Home Editorials Managing Change

Managing Change


British thinker Kevin Cavilla has used the meaningful phrase, ‘manage change’, in the context of an increasing belief that getting rid of Putin as President of Russia has become the only solution to the ongoing conflict in Ukraine. Even as NATO countries continue to bankroll and arm Ukraine, there has been hope that the Russian people, disillusioned as they are with the war, would rise up against Putin and his cohorts. This has not happened and, in fact, Putin’s line that he has acted against attacks by ‘Nazis’ against the Russian speaking population of Ukraine is being boosted with greater confidence. He has also further consolidated relations with countries like China and Turkiye, and managed to keep India ‘neutral’, sending signals thereby that the war is not ending anytime soon.

There have, therefore, been suggestions that Putin could be ‘taken out’ in other ways, similar to the manner in which Israel, in particular, has eliminated threats – be they Palestinians or Iranians. While this is theoretically possible, there is no guarantee that someone even worse than Putin would not assume charge, leading to a serious deterioration of the situation. It may be recalled how the removal of leaders like Saddam Hussain and Yassar Arafat caused meltdowns that continue to cause tremendous human suffering in their respective countries. Israel now has far more radical forces ranged against it that are totally committed to its total destruction.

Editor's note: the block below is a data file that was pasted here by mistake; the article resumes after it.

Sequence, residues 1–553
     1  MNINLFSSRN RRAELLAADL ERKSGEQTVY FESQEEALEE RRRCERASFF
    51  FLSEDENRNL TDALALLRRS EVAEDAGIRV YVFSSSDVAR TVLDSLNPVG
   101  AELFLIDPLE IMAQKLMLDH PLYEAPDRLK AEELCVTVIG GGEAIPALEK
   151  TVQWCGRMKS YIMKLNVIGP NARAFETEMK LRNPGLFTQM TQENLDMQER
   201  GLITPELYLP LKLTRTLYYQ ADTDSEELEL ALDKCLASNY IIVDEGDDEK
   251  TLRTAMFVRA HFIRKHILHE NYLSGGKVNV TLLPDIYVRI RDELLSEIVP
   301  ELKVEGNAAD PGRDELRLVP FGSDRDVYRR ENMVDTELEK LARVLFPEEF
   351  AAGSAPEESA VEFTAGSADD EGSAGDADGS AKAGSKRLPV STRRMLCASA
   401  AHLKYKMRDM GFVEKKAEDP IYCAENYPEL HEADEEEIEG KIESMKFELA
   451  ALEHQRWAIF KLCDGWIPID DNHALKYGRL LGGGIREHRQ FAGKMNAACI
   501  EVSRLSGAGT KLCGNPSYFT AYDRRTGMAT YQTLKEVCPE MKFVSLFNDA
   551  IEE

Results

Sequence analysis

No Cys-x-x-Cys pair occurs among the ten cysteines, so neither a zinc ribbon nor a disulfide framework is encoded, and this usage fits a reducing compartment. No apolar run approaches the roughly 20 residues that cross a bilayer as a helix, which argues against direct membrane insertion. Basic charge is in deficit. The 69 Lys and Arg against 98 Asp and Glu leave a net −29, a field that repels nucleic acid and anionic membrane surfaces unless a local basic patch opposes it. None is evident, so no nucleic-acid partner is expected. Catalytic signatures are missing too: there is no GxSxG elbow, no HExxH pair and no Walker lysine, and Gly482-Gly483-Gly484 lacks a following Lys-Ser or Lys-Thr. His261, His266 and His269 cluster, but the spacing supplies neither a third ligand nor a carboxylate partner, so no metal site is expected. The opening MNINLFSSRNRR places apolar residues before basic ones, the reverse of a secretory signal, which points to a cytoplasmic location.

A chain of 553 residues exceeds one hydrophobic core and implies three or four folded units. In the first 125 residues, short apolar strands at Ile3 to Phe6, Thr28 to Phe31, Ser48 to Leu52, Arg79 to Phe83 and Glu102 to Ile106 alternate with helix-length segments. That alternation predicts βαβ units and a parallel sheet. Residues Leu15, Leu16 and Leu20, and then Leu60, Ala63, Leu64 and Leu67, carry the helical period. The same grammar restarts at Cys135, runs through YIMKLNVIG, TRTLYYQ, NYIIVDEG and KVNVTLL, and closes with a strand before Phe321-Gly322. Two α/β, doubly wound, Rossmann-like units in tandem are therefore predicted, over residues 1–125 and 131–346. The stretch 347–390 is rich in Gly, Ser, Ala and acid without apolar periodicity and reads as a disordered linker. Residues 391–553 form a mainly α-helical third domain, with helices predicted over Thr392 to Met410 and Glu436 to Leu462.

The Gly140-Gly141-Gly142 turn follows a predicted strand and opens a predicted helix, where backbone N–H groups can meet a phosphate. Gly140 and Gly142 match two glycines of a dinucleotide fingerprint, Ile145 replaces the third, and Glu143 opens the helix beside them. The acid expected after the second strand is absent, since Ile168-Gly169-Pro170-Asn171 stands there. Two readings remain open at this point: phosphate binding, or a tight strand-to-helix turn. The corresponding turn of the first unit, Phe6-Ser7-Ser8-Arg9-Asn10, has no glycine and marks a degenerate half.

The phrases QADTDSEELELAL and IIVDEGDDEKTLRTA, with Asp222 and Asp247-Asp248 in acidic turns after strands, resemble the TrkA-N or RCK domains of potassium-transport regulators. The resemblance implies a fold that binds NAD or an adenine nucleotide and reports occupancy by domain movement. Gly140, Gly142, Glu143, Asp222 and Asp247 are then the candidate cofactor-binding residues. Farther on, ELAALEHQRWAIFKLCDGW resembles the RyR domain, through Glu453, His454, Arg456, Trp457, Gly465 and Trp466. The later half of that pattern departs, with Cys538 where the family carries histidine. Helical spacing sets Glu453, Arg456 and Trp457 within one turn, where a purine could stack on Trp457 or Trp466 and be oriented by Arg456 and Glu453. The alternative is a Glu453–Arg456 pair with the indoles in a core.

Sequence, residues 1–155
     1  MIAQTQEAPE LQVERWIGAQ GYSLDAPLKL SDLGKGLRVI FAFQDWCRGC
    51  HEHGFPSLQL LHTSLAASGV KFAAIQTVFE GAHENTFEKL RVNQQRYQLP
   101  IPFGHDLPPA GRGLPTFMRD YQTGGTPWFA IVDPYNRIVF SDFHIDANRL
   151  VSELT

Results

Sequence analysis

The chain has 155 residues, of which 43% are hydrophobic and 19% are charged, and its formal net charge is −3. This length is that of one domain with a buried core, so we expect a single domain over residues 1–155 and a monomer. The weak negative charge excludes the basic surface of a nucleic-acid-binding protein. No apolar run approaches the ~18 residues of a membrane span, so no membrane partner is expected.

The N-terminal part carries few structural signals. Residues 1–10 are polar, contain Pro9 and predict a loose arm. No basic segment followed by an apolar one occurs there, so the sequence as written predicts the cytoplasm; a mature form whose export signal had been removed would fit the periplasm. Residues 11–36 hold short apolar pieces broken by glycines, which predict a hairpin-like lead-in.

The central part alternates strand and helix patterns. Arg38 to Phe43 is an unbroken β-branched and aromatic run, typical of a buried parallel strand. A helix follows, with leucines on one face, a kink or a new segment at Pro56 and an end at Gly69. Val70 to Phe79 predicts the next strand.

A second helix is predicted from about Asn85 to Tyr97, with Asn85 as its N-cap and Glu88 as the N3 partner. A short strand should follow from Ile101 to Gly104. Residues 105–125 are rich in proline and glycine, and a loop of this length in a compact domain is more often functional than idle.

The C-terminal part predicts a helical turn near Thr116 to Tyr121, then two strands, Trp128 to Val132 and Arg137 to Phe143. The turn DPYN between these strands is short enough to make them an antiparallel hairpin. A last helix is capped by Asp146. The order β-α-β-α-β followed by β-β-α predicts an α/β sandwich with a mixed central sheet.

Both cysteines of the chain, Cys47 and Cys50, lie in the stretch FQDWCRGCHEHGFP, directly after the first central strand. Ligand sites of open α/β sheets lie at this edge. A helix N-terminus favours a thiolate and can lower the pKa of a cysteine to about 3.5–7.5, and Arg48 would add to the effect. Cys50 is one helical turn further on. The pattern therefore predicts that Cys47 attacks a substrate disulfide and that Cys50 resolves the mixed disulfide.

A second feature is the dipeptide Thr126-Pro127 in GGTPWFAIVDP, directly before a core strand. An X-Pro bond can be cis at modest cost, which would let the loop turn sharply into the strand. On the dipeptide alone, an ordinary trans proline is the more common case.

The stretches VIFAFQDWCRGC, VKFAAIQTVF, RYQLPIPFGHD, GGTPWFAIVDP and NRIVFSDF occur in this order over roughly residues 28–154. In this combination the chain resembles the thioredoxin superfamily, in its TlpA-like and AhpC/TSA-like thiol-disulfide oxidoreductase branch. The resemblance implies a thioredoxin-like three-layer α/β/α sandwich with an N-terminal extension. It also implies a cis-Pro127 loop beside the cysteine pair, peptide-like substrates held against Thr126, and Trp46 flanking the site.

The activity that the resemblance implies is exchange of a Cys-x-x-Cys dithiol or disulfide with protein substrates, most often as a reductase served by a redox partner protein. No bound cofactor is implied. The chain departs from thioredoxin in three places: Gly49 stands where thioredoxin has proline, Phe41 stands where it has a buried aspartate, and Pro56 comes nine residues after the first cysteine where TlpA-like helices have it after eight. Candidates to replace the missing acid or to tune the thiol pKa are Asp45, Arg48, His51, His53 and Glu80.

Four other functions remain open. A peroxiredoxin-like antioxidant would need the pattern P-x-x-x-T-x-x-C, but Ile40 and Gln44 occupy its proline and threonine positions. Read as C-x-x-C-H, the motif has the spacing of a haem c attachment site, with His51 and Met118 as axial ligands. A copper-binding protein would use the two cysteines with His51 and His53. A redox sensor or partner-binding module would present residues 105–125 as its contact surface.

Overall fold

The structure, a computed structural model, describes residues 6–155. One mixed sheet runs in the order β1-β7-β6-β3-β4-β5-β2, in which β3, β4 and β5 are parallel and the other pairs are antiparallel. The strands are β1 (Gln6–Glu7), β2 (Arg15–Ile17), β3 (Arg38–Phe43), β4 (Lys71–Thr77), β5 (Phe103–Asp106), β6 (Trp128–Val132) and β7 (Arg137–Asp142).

As such, ‘managing’ change is a concept that transcends the locking of horns approach being adopted at present. It suggests the kind of strategy adopted by modern day business executives to create environments conducive to their goals. This requires better, more targeted understanding of the ‘host environment’ in Russia, and identification of the forces at work, particularly the people’s desire for peace. The strategy would bring about the political shifts required. It is expected that, having introduced the concept, Cavilla and like-minded people will, at future deliberations, further elaborate on what needs to be done to induce change from within. As always, it is better to ‘manage’ a problem rather than let it go out of control to the detriment of all. Humanity looks forward to such initiatives that are an alternative to senseless war.